Resilience is a hot topic currently. Everyone has to cope with the stresses and strains of everyday life. Challenges and changes are constant. Some of these involve taking some degree of risk, while some may be crises or emergencies that demand your immediate attention.
Adverse situations may be familiar or unfamiliar to you depending upon whether you have experienced them before or whether you have experienced circumstances that may be similar. You will have developed coping mechanisms and these will help you in dealing with familiar adverse situations and many unfamiliar ones.
What is Resilience?
Resilience is often described as “the ability to bounce-back from challenging and adverse situations”. This popular view of resilience is a metaphor borrowed from Material Science and applied to the field of human and organisational behaviour.
It is rather an unfortunate definition as it tends to look at events after they have happened.
A more helpful definition of resilience defines three core characteristics:
- An ability to accept harsh reality – to take an objective view of the situation without subjective views, denial or emotion.
- An ability to find meaning in adversity – to build bridges from an ordeal in the present to a fuller, better future.
- An ability to continually improvise – to put resources to unfamiliar uses and imagining possibilities that others don’t see.
Fortunately, you can learn to develop all these levels of resilience.
Recent publications by Professor Nassim Taleb, Distinguished Professor of Risk Engineering, have introduced the concept of anti-fragility, which goes one step further. Anti-fragility suggests that certain systems (often seen within computing and engineering) can actually get better when subjected to stress and strain. In other words, they are able to adjust to changing circumstances and so can become more adapted to their environment.
As a human being, you evolve and improve yourself by learning from your accidents and mistakes and in this way develop your resilience.
Like anti-fragile systems, you are able to self-adjust to dynamically changing circumstances and environments. You are able to organise yourself in a proactive way so that you can determine your best strategies to become sustainable, to achieve high performance and to be energy efficient. You are able to personalise your attitudes and reactions in a way that is unique to you and you can learn how to get better while doing it.
Action strategies to develop resilience
- Feel in control
- Be realistic about what you can and can’t do
- Learn how to say ‘No’ so that you don’t commit to too much
- Set small, short-term goals that you know you can achieve
- Tell yourself you can do it and prove yourself to be right
- Communicate your intentions clearly to others, delegate and encourage their support
- Create a personal vision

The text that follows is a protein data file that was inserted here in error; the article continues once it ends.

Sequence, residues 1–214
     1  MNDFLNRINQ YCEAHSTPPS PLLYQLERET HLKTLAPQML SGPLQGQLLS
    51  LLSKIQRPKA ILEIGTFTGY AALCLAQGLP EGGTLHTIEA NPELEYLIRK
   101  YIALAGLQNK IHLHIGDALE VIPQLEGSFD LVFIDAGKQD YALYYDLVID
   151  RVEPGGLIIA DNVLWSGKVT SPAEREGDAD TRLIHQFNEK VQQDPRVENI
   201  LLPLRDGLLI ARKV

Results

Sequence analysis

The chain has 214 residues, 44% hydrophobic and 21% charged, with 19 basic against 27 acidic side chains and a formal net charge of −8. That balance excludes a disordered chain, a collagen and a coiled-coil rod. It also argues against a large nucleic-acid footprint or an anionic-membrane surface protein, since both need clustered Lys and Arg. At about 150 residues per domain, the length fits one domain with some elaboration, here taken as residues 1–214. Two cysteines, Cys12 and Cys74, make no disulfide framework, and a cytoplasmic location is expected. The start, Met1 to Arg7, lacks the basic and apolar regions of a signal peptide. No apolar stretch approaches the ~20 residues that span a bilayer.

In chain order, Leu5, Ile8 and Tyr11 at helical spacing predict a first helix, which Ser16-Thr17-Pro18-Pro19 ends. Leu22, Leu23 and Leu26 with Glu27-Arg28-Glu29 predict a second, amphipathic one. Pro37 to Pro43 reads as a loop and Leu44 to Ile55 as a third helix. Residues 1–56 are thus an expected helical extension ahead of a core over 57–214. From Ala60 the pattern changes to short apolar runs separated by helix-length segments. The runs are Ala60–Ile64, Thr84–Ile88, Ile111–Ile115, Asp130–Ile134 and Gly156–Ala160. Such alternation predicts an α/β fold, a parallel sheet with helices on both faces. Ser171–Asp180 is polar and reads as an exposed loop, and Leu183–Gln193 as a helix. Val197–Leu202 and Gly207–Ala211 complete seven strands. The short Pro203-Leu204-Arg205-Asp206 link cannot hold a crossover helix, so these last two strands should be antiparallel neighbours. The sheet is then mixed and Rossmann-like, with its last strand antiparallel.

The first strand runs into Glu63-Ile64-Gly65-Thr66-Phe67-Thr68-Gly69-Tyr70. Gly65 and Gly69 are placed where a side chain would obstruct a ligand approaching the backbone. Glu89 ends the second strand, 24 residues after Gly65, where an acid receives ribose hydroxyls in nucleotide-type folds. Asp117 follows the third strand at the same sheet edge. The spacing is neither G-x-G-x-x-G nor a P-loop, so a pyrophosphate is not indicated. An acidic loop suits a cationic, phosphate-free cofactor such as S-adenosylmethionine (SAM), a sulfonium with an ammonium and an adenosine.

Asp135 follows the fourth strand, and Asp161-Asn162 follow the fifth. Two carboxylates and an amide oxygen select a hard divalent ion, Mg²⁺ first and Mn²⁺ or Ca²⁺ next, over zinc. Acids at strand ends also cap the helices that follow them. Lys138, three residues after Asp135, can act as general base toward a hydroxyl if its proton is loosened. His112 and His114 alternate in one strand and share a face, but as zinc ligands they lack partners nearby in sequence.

- Set yourself clear goals and objectives focusing on what you want to achieve
- Establish a plan that will accomplish your goals
- Ensure that the plan is made up of small, achievable steps
- Remain committed, even if events take you away from your plan for a short while
- Remind yourself of what you want to achieve and why
- Be flexible and adaptable
- Anticipate change so that you can be prepared for it with a series of contingencies
- Accept that situations are going to change
- Positively move forward rather than dwelling on how unreasonable or unfair the changes may seem
- Remain focused on your goals and adapt how you work to accommodate the change
- Get organised
- Create a plan or draw up a list of tasks
- Create systems and processes that make you efficient
- Be realistic about how you can manage your time
- Avoid putting off anything that eventually needs to be done
- Tackle big projects by breaking them down into smaller chunks and start to work on them one chunk at a time
- Be aware of, and avoid, any distractions
- A mindset for problem-solving
- Gather as much information about the issue as possible
- Define the problem precisely and accurately, evaluating it objectively
- Look at the problem from different perspectives
- Generate a number of options, drawing from your experience and the experience of others
- Critically review the options and decide what will work
- Be decisive and start to put agreed plans into action
- Get connected
- Look for new opportunities to build your network
- Proactively seek out the chance to engage with different people
- Look at ways you can get involved and help others with their problems
- Be willing to seek support for yourself
- Be socially competent
- Evaluate your existing network to ensure that you can draw upon a variety of backgrounds, skills and experience
- Be selective about the support you need
- Ask people for help on both a practical and an emotional level
- Be proactive
- Act decisively
- Keep on top of less urgent tasks
- Identify and develop the skills you will need in the future
- Don’t waste time on truly unnecessary tasks
Learn more about resilience, stress and stress management here[Image Source: Image purchased from iStockphoto.com. I, the author, confirm that I have the right to use this image.]
I am an emotional intelligence coach, trainer, and facilitator with over 35 years’ business and commercial experience. I am the author of “The Authority Guide to Emotional Resilience in Business” and “The Authority Guide to Behaviour in Business” part of The Authority Guides series. I have the most comprehensive range of emotional intelligence courses available on the internet taken by over 250,000 learners in 175+ countries. If you would like to discuss how online learning can develop resilience, emotional intelligence, or leadership across your organisation, give me a call on 07947 137654 or email me at firstname.lastname@example.org